As migration dates draw near, affected personnel are being notified with e-mails explaining the steps they need to take before their e-mail accounts are migrated.
“Users will have all of the assistance they need before, during and after the migration,” Patterson said.
“7th Signal Command will provide teams to augment our Network Enterprise Centers, or NECs, as they assist users with executing migration tasks. NETCOM will coordinate support with Army commands for migration of e-mail accounts managed by other information technology (IT) service providers,” he said.
“We are confident that a coordinated effort among all Army organizations will lead to success in this important move toward consolidated Enterprise IT services,” Patterson said.
In preparation for migration, all users can perform some simple maintenance tasks that will help the transition go smoothly according to Herman Wells, Enterprise Services director, 7th Signal Command (Theater).
“Clean up your mailbox as much as possible. The smaller the mailbox, the smoother the migration. Delete messages and calendar items that are no longer necessary to keep. Minimize network-stored PSTs (personal folder files). There’s nothing that stops a user from creating a local PST and moving the PST back into the online mailbox after migration,” he said. “During the preparation period prior to migration, NECs and transition teams will provide detailed information on exporting and importing contacts” he added.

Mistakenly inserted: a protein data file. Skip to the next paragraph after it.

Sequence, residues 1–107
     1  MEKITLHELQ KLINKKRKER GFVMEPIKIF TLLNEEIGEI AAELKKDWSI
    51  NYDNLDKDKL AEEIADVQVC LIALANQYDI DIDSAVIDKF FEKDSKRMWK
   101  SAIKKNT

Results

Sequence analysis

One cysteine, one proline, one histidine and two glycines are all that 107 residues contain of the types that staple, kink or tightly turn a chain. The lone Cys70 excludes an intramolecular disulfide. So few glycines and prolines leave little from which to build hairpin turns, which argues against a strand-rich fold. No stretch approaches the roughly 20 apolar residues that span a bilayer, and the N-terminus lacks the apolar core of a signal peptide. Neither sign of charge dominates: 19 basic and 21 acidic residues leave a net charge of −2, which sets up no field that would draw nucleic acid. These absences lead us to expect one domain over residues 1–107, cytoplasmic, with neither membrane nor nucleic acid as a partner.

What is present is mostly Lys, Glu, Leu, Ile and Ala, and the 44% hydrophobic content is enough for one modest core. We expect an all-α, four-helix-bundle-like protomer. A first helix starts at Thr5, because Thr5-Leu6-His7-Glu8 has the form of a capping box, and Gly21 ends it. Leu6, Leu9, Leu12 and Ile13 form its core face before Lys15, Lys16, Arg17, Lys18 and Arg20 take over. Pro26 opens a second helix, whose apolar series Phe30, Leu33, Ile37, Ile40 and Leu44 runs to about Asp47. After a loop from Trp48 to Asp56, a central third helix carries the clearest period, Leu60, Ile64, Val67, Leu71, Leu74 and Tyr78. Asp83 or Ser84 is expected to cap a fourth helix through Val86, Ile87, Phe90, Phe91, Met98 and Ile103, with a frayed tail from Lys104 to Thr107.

Blackberry users must ensure it’s turned on the night prior, and in a spot with a strong signal. If it loses signal and is not communicating with the Blackberry Exchange Server properly, the device will have to be adjusted manually the following day, according to Wells.
“Keeping customers in the loop and happy is important during this transition. We expect some challenges with Blackberry users since each will require touch labor,” Wells said.
The Army Signal Corps leadership is leading from the front during the move to Enterprise e-mail.
“It was determined that if you are a communications leader (CIO/G6, NETCOM, Fort Gordon) you will come on board first. If the e-mail service is good enough for a general officer, then it is good enough for a private,” Wells said. “This is different from the way some information technology upgrades have been done in the past. The high-ranking officers and civilians were last. Everyone else had to put up with inconveniences while software problems were worked out. Not so this time.”